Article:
Effective oversight of risk, and risk management, is necessary to support appropriate risk frameworks, policies, controls and reporting.

APRA’s survey found that the perspectives of Executives about the effectiveness of their risk governance and controls were more optimistic than the views of their Legal, Risk and Compliance areas. 

Figure 3: Risk management effectiveness – Executives vs Legal, Risk and Compliance

Figure 3 shows the difference in agreement levels between CEO, Executives plus 1 level below, and Legal, Risk and Compliance functions, with respect to three survey questions on effectiveness of risk management.

Three-quarters of Executives believed that sufficient resources had been committed to improving risk management, while Legal, Risk and Compliance employees were far less positive. This observation serves as a reminder that the critical “voice of risk” needs to continue to be heard and acted upon, particularly regarding the need for sustainable investment in risk management capability and architecture.  

Matters for ADIs to consider

Lower levels of agreement from Legal, Risk and Compliance employees is a commonly observed trend. These employees have an intimate understanding of the improvements in risk management that are needed. How can ADI Executives ensure that the voice of risk is sufficiently heard and acted upon?

2. Risk management practices vary widely


The effective operation of frameworks and processes helps the board and management evaluate the risks to business strategy, the appetite for these risks, and how they are governed, monitored and managed.

Figure 4: Risk management practices across the cohort

Figure 4 shows the range of agreement levels across ADI entities, for four survey questions probing effectiveness and maturity of risk management practices, frameworks, systems and resources.

The risk management practices across the ADI cohort varied in their perceived effectiveness and, by extension, their likely maturity. Responses to questions 1 to 3 in Figure 4 varied by 22 per cent to 26 per cent from the highest level of agreement to the lowest level of agreement. As identified by the Prudential Inquiry, effective risk management frameworks rely on adequately resourced functions. The risk culture survey results highlight a need to continue to ensure that sufficient resources are committed to improving risk management within ADIs. Question 4 in Figure 4 shows a variance of 28 per cent in levels of agreement. In addition, on average a third of respondents were unable to agree that they had adequate budget, systems, skills and capability to improve risk management. 

Matters for ADIs to consider

How will ADIs ensure that risk management practices are appropriately supported (budget, system, skills, capacity) to evolve and mature, thereby improving the way risks are managed?

3. Executives are prone to blind spots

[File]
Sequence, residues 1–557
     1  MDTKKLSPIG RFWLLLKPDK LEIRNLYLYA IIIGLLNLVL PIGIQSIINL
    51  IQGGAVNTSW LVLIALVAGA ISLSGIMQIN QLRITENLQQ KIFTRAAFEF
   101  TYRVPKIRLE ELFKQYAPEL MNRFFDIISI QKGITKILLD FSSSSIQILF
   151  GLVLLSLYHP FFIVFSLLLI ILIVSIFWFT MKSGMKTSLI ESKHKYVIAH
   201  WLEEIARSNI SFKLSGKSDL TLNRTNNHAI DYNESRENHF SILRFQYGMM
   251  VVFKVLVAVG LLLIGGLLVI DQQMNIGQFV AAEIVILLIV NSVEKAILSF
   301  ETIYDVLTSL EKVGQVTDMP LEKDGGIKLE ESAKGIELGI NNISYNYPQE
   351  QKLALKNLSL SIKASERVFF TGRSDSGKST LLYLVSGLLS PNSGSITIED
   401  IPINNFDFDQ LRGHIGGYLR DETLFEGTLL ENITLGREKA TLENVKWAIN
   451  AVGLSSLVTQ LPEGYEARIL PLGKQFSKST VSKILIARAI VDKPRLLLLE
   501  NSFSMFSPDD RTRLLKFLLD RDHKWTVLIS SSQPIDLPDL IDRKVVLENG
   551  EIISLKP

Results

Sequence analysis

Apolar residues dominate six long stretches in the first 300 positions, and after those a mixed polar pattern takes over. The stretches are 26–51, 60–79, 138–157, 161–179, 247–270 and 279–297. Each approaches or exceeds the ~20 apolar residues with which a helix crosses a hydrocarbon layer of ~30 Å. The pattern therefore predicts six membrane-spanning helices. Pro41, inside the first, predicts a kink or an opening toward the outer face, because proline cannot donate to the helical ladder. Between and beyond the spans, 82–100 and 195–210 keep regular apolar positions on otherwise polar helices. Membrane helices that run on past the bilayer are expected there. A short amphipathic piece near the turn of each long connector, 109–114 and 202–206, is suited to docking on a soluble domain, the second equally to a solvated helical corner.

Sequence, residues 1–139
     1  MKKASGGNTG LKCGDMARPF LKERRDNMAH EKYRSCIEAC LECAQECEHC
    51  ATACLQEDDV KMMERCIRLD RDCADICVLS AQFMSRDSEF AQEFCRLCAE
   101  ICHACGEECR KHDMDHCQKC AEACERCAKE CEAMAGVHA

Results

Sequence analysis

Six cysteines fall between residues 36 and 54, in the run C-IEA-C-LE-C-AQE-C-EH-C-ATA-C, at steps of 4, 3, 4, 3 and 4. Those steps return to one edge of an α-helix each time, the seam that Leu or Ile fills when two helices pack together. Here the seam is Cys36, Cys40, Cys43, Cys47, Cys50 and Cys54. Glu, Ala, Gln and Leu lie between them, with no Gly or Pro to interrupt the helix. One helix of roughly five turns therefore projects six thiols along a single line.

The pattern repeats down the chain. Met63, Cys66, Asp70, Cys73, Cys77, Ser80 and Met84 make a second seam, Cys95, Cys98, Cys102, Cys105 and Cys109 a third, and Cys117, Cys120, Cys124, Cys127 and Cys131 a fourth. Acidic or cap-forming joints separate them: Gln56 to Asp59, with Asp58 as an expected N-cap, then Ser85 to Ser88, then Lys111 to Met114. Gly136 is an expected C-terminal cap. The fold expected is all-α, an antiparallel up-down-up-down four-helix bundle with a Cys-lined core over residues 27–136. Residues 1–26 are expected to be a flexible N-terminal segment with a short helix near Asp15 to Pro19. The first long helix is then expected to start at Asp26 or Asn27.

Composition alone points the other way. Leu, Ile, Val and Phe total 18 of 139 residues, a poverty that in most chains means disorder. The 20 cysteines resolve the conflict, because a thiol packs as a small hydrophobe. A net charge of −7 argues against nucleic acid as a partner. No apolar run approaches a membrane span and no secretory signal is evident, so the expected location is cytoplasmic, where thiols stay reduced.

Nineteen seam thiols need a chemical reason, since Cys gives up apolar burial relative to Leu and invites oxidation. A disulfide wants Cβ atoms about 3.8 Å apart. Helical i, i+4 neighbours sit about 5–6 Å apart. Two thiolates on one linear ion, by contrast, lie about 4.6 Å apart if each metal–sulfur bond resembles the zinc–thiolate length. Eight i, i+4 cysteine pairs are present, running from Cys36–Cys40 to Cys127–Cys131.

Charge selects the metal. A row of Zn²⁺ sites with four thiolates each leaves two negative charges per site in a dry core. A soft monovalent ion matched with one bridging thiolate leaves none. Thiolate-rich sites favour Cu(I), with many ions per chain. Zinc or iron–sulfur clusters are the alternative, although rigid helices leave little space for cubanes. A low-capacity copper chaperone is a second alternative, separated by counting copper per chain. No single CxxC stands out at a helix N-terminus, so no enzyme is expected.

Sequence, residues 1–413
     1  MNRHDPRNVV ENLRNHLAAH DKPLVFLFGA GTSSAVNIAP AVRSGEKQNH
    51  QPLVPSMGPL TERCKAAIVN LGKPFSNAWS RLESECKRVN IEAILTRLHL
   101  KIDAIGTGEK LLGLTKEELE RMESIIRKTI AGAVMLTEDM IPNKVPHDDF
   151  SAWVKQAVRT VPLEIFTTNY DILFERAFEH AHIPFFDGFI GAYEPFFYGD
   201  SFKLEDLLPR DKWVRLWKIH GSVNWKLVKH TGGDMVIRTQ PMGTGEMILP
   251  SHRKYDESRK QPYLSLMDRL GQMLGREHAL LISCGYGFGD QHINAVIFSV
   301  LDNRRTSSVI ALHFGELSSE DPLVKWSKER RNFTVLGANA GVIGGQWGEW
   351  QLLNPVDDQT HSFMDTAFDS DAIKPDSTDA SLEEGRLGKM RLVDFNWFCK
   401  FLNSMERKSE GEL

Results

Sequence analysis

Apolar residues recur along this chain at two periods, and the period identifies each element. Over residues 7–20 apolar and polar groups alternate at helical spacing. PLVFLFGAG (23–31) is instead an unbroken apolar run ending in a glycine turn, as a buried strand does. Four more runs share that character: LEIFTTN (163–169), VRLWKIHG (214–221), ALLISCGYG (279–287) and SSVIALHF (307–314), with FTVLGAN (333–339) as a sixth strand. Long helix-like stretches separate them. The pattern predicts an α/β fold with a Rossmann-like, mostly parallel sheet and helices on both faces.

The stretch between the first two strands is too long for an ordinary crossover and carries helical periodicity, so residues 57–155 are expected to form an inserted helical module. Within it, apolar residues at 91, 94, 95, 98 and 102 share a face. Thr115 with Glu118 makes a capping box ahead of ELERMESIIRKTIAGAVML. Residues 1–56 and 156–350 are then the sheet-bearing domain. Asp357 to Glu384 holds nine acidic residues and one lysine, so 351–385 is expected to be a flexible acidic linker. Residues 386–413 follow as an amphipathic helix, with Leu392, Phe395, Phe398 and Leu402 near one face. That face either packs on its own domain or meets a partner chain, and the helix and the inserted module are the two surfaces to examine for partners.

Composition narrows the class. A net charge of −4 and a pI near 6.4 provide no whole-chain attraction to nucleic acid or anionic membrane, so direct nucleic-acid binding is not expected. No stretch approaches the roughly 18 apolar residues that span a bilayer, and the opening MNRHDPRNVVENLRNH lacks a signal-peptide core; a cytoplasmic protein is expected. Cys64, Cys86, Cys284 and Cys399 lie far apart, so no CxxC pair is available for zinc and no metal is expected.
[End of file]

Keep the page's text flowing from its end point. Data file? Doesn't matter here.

For employees to be willing to raise difficult matters, they need a psychologically safe environment and their willingness to speak up to be supported.

Executives and senior management held similar views to those of the rest of the organisation about being encouraged to escalate risk issues promptly, suggesting high levels of psychological safety. However, there was an 8% difference between executives and individual contributors (i.e. employees with no people management responsibility), both in response to questions about feeling safe to speak up, and in relation to people admitting mistakes. This highlights potential blind spots by executives and a missed opportunity for ensuring that people continue to feel safe to speak up.  

Figure 5: Psychological safety – Management vs Individual Contributors

Figure 5 compares the agreement levels across different employee seniority levels, from executive to individual contributors, for the questions on encouragement to escalate risk issues promptly, psychological safety for speaking up, and employees admitting when they have made mistakes.

Matters for ADIs to consider

Declining levels of psychological safety among different levels within an organisation is a commonly observed trend. How can Executives encourage people across the organisation to speak up?

4. Risk management roles and responsibilities require further clarity


Being clear on risk management responsibilities in one’s role, as well as across the organisation, ensures there is end-to-end coverage and effective management of risk. 

The wide variation in Executive responses regarding whether individuals in their business are clear on their risk management accountabilities (24 per cent response range between the highest and lowest level of agreement) and whether the risk management roles and responsibilities across the organisation (i.e. three lines of defence model) were well understood (42 per cent response range between the highest and lowest level of agreement), indicate this is an area where capability and practices could be improved. As noted in the Prudential Inquiry, clearly delineated responsibilities across the organisation would promote effective accountability, encouraging the prompt identification and escalation of new and emerging risk issues.

Figure 6:  Risk management roles and responsibilities – Executives vs Individual Contributors